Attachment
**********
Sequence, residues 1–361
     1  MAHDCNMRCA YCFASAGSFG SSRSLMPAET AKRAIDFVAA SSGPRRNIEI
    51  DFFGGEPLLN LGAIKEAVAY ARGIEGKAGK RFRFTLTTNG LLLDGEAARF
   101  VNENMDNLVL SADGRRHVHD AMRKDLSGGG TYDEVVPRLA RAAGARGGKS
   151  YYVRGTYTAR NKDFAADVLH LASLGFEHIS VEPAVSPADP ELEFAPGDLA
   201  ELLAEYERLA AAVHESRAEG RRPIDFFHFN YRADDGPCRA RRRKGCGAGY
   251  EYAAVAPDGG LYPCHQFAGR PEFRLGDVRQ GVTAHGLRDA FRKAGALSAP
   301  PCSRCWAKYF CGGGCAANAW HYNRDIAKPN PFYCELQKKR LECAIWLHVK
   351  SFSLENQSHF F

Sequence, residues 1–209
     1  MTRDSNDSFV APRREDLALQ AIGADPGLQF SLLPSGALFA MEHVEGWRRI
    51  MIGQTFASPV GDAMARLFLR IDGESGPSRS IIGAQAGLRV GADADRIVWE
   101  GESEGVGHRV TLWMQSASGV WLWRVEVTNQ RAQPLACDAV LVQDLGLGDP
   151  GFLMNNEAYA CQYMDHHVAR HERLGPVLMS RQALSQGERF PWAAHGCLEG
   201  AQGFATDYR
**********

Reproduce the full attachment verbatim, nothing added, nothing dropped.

Sequence, residues 1–361
     1  MAHDCNMRCA YCFASAGSFG SSRSLMPAET AKRAIDFVAA SSGPRRNIEI
    51  DFFGGEPLLN LGAIKEAVAY ARGIEGKAGK RFRFTLTTNG LLLDGEAARF
   101  VNENMDNLVL SADGRRHVHD AMRKDLSGGG TYDEVVPRLA RAAGARGGKS
   151  YYVRGTYTAR NKDFAADVLH LASLGFEHIS VEPAVSPADP ELEFAPGDLA
   201  ELLAEYERLA AAVHESRAEG RRPIDFFHFN YRADDGPCRA RRRKGCGAGY
   251  EYAAVAPDGG LYPCHQFAGR PEFRLGDVRQ GVTAHGLRDA FRKAGALSAP
   301  PCSRCWAKYF CGGGCAANAW HYNRDIAKPN PFYCELQKKR LECAIWLHVK
   351  SFSLENQSHF F

Sequence, residues 1–209
     1  MTRDSNDSFV APRREDLALQ AIGADPGLQF SLLPSGALFA MEHVEGWRRI
    51  MIGQTFASPV GDAMARLFLR IDGESGPSRS IIGAQAGLRV GADADRIVWE
   101  GESEGVGHRV TLWMQSASGV WLWRVEVTNQ RAQPLACDAV LVQDLGLGDP
   151  GFLMNNEAYA CQYMDHHVAR HERLGPVLMS RQALSQGERF PWAAHGCLEG
   201  AQGFATDYR